By default, all references to Java types need to be fully qualified (for example, java.lang.String, java.util.LinkedHashSet, and so on). Oracle Nashorn does not import the java package by default, because references to String or Object conflict with the corresponding types in JavaScript. Hence, a Java string is java.lang.String, not String.

Mozilla Rhino was the predecessor of Oracle Nashorn as the JavaScript engine implementation provided with Oracle’s JDK releases. It featured a load(path) function to load a third-party JavaScript file. This is still present in Oracle Nashorn. You can use it to load a special compatibility module that provides importClass to import a class (like an explicit import in Java) and importPackage to import a package (like a wildcard import in Java): 

load(
"nashorn:mozilla_compat.js");

importClass(java.util.HashSet);
var set = new HashSet();

importPackage(java.util);
var list = new ArrayList(); 


It is important to note that these functions import the symbolic references into the global scope of the JavaScript code being interpreted. While they are still supported for compatibility reasons, the use of mozilla_compat.js and importClass is discouraged. Instead, it is recommended that you use another function coming from the Mozilla Rhino heritage—JavaImporter—as shown in Listing 10. 

var CollectionsAndFiles = new JavaImporter(
    java.util,
    java.io,
    java.nio);

with (CollectionsAndFiles) {
  var files = new LinkedHashSet();
  files.add(new File("Plop"));
  files.add(new File("Foo"));
  files.add(new File("w00t.js"));
} 


Listing 10

JavaImporter takes a variable number of arguments as Java packages, and the returned object can be used in a with statement whose scope includes the specified package imports. The global JavaScript scope is not affected, making JavaImporter a much better alternative to importClass and importPackage.

Overloaded methods. Java allows method overloading, that is, the definition within a single class of several methods that have the same names but different signatures. The java.io.PrintStream class is a good example, providing many print and println methods for objects, strings, arrays, and primitive types.

Oracle Nashorn properly selects the most suitable target at runtime on a per-invocation basis. This means that you should never have to worry about overloaded methods when dealing with Java APIs. Still, there is a way to precisely select the required target if you need to. This need mainly occurs with ambiguous parameters when you are passing a function object in which different interface types are permitted by overloaded methods, such as with the submit methods of java.util.concurrent executors.

In the following code, the first call to println will select the println(String) overloaded method. The second call uses a JavaScript object property to access the println(Object) variant. The string to be passed provides a signature that Oracle Nashorn uses at resolution time. Note that as an exception, classes from the java package need not be qualified; hence, we can write println(Object) instead of the valid, but longer, println(java.lang.Object)

var stdout = 
java.lang.System.out;
stdout.println("Hello");
stdout["println(Object)"]( 
"Hello");

 
Type objects.
The Java.type function can be used to obtain references to precise Java types. These include not just objects but also primitive types and arrays:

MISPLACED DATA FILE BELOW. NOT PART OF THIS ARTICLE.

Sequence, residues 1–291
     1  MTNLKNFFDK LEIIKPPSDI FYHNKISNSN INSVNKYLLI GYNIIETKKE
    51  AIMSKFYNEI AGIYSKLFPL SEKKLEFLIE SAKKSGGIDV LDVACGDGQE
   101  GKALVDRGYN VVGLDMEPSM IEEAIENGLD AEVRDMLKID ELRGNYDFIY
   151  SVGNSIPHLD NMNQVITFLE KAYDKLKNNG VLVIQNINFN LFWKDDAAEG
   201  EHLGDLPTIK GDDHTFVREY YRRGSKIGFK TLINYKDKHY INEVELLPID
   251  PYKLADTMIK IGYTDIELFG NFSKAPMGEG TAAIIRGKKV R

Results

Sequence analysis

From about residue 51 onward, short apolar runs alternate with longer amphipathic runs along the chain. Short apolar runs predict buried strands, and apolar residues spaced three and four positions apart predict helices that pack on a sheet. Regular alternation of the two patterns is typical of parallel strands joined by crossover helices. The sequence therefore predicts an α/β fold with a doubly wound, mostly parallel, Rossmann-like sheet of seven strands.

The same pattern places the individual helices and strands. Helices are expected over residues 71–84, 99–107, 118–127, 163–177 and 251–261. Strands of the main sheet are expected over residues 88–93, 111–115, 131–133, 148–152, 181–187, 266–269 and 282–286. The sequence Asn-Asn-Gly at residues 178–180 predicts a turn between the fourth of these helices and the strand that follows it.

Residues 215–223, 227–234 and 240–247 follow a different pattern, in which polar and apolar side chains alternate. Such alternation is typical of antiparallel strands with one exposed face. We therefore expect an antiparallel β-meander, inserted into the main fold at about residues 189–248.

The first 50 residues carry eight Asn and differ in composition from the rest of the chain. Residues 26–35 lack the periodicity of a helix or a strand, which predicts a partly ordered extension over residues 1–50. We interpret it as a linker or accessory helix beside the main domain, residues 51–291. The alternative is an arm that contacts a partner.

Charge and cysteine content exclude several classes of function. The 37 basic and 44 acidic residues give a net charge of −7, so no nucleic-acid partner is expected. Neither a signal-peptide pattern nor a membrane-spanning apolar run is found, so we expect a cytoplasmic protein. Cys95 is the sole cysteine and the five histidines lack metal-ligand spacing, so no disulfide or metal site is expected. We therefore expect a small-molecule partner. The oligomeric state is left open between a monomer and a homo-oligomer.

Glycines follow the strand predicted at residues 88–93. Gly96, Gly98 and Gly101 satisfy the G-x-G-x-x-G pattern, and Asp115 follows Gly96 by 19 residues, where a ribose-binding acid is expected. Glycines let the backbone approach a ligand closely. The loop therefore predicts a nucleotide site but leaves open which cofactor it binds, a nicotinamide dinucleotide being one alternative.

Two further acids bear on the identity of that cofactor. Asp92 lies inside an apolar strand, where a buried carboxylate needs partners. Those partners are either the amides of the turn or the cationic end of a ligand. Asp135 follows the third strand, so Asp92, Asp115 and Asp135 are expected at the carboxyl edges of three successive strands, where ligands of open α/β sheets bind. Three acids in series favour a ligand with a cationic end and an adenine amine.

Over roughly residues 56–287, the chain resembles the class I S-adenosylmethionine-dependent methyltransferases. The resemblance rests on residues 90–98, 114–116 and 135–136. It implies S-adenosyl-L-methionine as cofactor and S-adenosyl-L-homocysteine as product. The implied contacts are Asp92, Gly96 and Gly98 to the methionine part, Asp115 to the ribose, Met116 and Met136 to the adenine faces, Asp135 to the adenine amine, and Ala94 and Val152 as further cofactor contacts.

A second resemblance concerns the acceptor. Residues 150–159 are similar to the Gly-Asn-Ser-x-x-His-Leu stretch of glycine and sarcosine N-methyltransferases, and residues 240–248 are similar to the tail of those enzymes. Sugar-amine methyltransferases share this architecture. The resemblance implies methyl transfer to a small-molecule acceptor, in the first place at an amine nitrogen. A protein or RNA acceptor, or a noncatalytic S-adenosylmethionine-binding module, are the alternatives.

var LinkedList = Java.type(
"java.util.LinkedList");
var primitiveInt = Java.type(
"int");
var arrayOfInts = Java.type(
"int[]"); 


The returned objects are an Oracle Nashorn–specific representation of mappings to Java types. It is important to note that they differ from instances of java.lang.Class. Type objects are useful as constructors and for instanceof-based comparisons. Let’s look at Listing 11. 

var list = new LinkedList;
list.add(1);
list.add(2);
print(list);
print(list instanceof LinkedList);

var a = new arrayOfInts(3);
print(a.length);
print(a instanceof arrayOfInts);

 
Listing 11

It is possible to go back and forth between a type object and a Java class reference. The class property of type objects returns their java.lang.Class counterpart. Similarly, the static property is made available to java.lang.Class instances to get their corresponding type objects. 

print(LinkedList.class);
print(list.getClass().static);
print(LinkedList.class === list.getClass());
print(list.getClass().static === LinkedList);

 
The code in Listing 12 would print the following: 

class java.util.LinkedList
[JavaClass java.util.LinkedList]
true
true 


Extending Java types

Oracle Nashorn provides simple mechanisms for extending Java types from JavaScript code. It is important to be able to provide interface implementations and concrete subclasses.

Implementing interfaces. Given a Java interface, a simple way to provide an implementation is to instantiate it, and pass its constructor function a JavaScript object in which the methods to be implemented are given as properties.

Listing 13 provides a concrete implementation of java.util.Iterator, giving implementations of the next and hasNext methods (the remove method is provided by a default method in Java 8). We can run it, and check that it works as expected (see Listing 14). 

var iterator = new java.util.Iterator({
  i: 0,
  hasNext: function() {
    return this.i < 10;
  },
  next: function() {
    return this.i++;
  }
});

print(iterator instanceof Java.type("java.util.Iterator"));
while (iterator.hasNext()) {
  print("-> " + iterator.next());
} 


Listing 13
 

true
-> 0
-> 1
-> 2
-> 3
-> 4
-> 5
-> 6
-> 7
-> 8
-> 9 


Listing 14

When interfaces consist of a single method, a function object can be directly given with no need to perform an explicit new operator call. The example in Listing 15 illustrates this on collection streams. 

var list = java.util.Arrays.asList(1, 2, 3, 4, 5, 6, 7, 8);
var odd = list.stream().filter(function(i) {
  return i % 2 == 0;
});
odd.forEach(function(i) {
  print(">>> " + i);
}); 


Listing 15

Running the code in Listing 15 prints the following: 

>>> 2
>>> 4
>>> 6
>>> 8